Police Found Ways to Use Facial Recognition Tech After Their Cities Banned It

As cities and states push to restrict the use of facial recognition technologies, some police departments have quietly found a way to keep using the controversial tools: asking for help from other law enforcement agencies that still have access. Officers in Austin and San Francisco — two of the largest cities where police are banned from using the technology — have repeatedly asked police in neighboring towns to run photos of criminal suspects through their facial recognition programs, according to a Washington Post review of police documents…

Austin police officers received the results of at least 13 face searches from a neighboring police department since the city’s 2020 ban — and appeared to get hits on some of them, according to documents obtained by The Post through public records requests and sources who shared them on the condition of anonymity. “That’s him! Thank you very much,” one Austin police officer wrote in response to an array of photos sent to him by an officer in Leander, Tex., who ran a facial recognition search, documents show. The man displayed in the pictures, John Curry Jr., was later charged with aggravated assault for allegedly charging toward someone with a knife, and is currently in jail awaiting trial. Curry’s attorney declined to comment.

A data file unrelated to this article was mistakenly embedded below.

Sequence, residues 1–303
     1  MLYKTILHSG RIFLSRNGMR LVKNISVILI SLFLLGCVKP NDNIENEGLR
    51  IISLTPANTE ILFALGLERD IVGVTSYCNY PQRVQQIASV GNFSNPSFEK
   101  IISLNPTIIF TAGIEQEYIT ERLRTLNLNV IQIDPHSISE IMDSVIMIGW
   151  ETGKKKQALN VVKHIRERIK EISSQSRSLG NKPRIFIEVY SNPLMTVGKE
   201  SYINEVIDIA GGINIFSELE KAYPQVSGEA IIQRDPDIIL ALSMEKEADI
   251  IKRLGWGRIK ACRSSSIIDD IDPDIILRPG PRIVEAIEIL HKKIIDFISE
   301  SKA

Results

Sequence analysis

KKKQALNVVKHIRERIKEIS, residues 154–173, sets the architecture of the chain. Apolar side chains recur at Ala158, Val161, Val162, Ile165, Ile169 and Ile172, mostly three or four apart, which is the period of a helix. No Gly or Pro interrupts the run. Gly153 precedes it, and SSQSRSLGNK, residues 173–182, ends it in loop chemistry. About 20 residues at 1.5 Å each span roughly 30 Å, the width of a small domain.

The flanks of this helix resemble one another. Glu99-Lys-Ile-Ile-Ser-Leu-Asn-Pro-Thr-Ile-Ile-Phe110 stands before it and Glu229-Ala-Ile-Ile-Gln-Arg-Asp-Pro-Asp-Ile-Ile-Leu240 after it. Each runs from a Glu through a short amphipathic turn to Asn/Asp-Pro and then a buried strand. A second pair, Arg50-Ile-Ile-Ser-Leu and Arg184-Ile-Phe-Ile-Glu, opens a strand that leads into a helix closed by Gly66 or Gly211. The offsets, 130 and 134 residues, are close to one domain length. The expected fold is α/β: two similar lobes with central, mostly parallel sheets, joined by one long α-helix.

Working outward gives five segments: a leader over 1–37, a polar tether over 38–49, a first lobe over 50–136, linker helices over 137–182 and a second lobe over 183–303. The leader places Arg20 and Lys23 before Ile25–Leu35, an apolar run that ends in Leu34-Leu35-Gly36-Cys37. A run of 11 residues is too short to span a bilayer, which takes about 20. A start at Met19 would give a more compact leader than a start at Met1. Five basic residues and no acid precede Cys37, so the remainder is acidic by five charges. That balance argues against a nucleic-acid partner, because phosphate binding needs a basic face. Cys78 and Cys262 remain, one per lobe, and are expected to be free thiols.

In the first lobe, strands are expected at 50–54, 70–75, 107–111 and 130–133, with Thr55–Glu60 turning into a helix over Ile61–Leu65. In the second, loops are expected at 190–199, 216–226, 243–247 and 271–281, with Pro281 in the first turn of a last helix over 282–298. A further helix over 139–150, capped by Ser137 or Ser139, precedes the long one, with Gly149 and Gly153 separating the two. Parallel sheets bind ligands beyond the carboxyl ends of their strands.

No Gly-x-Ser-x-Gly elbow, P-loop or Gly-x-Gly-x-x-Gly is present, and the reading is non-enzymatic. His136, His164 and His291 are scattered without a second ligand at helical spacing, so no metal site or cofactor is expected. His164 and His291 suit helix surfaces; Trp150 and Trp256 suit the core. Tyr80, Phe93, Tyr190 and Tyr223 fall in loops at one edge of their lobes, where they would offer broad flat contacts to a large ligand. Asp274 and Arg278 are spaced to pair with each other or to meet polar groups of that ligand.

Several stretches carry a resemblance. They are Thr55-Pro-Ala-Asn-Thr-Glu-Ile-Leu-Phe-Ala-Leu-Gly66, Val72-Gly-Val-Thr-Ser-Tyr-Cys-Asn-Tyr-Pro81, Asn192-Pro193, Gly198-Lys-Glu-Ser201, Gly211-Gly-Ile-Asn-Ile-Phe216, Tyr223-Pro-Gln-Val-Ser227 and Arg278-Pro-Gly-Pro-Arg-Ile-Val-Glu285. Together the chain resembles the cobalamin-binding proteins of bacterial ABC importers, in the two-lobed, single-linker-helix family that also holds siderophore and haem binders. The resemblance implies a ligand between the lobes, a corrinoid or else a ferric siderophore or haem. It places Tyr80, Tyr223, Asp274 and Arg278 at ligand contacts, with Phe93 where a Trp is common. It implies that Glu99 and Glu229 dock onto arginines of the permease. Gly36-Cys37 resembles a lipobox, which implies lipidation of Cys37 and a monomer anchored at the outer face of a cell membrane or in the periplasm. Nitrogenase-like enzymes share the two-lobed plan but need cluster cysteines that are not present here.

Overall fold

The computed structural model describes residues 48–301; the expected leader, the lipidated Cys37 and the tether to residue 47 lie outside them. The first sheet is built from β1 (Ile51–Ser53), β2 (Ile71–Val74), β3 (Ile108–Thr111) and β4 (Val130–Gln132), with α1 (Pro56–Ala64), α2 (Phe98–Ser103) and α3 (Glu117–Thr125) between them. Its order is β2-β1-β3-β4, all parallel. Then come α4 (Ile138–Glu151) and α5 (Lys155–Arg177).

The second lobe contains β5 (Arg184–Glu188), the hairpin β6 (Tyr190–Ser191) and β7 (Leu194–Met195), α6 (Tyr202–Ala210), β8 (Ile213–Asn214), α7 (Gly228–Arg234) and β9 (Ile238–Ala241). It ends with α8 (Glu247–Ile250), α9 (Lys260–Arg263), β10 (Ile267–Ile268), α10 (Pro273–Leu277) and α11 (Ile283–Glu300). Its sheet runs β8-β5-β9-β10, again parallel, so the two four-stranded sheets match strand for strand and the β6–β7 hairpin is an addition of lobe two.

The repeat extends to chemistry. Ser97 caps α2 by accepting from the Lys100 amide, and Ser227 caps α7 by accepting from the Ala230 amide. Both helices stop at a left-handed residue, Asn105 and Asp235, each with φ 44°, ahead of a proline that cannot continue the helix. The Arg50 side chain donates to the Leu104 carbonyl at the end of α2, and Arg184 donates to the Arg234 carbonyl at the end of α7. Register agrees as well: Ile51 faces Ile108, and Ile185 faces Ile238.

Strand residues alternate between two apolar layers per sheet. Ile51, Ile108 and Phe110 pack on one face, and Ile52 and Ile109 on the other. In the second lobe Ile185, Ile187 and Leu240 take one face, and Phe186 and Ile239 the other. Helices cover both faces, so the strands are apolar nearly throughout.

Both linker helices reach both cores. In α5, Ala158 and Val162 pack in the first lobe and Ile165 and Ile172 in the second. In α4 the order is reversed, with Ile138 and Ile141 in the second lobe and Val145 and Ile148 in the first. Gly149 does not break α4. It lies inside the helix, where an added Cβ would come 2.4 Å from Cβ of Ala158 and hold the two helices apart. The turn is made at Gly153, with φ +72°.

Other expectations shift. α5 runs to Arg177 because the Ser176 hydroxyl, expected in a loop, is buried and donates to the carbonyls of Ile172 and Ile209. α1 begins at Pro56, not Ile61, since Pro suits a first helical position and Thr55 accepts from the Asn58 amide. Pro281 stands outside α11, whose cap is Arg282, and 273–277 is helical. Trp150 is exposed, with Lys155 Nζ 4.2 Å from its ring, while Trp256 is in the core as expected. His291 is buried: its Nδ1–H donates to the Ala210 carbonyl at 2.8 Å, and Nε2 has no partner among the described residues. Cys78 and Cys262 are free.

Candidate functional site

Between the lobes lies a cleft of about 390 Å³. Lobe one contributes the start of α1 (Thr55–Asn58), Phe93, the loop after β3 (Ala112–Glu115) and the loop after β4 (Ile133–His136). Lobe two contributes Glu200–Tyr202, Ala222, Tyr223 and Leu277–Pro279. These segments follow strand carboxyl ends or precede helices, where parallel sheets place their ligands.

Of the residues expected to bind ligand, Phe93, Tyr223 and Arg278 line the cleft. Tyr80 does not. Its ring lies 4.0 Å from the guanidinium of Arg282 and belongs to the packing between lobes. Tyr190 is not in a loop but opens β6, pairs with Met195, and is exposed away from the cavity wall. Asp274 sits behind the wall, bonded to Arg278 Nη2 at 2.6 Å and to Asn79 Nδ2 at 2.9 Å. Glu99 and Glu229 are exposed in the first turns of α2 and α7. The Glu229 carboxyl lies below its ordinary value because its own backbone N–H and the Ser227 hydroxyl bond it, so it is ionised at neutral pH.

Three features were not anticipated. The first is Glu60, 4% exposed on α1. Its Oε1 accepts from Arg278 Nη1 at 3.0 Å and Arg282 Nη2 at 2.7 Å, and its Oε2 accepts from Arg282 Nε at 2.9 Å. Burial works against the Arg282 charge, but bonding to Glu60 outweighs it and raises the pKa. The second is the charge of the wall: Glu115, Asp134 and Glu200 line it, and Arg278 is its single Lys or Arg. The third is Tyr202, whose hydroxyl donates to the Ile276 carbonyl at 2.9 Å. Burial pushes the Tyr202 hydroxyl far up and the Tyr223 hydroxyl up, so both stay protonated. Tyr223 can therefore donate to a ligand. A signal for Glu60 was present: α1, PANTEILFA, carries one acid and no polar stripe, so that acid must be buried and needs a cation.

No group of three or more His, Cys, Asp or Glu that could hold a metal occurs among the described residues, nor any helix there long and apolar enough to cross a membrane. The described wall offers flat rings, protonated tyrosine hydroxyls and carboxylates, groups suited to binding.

“Police officers’ efforts to skirt these bans have not been previously reported and highlight the challenge of reining in police use of facial recognition,” the article concludes.

It also points out that the technology “has played a role in the wrongful arrests of at least seven innocent Americans,” according to the lawsuits they filed after charges against them were dismissed.

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